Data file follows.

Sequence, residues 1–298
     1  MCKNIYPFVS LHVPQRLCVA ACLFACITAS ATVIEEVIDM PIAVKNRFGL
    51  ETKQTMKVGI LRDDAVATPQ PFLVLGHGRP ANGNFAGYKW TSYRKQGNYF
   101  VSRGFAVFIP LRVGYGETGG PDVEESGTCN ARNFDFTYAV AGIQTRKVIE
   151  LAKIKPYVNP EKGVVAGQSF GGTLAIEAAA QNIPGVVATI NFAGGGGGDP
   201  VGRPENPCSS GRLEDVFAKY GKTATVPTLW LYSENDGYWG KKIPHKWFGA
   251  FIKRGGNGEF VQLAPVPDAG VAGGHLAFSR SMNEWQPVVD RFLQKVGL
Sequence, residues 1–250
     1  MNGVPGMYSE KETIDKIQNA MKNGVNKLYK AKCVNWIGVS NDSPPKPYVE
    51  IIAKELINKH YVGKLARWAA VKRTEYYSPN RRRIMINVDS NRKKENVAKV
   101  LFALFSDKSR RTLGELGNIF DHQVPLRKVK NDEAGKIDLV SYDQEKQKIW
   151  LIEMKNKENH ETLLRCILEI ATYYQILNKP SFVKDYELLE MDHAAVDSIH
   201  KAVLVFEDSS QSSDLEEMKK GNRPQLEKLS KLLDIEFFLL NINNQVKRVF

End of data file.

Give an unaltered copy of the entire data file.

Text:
Sequence, residues 1–298
     1  MCKNIYPFVS LHVPQRLCVA ACLFACITAS ATVIEEVIDM PIAVKNRFGL
    51  ETKQTMKVGI LRDDAVATPQ PFLVLGHGRP ANGNFAGYKW TSYRKQGNYF
   101  VSRGFAVFIP LRVGYGETGG PDVEESGTCN ARNFDFTYAV AGIQTRKVIE
   151  LAKIKPYVNP EKGVVAGQSF GGTLAIEAAA QNIPGVVATI NFAGGGGGDP
   201  VGRPENPCSS GRLEDVFAKY GKTATVPTLW LYSENDGYWG KKIPHKWFGA
   251  FIKRGGNGEF VQLAPVPDAG VAGGHLAFSR SMNEWQPVVD RFLQKVGL
Sequence, residues 1–250
     1  MNGVPGMYSE KETIDKIQNA MKNGVNKLYK AKCVNWIGVS NDSPPKPYVE
    51  IIAKELINKH YVGKLARWAA VKRTEYYSPN RRRIMINVDS NRKKENVAKV
   101  LFALFSDKSR RTLGELGNIF DHQVPLRKVK NDEAGKIDLV SYDQEKQKIW
   151  LIEMKNKENH ETLLRCILEI ATYYQILNKP SFVKDYELLE MDHAAVDSIH
   201  KAVLVFEDSS QSSDLEEMKK GNRPQLEKLS KLLDIEFFLL NINNQVKRVF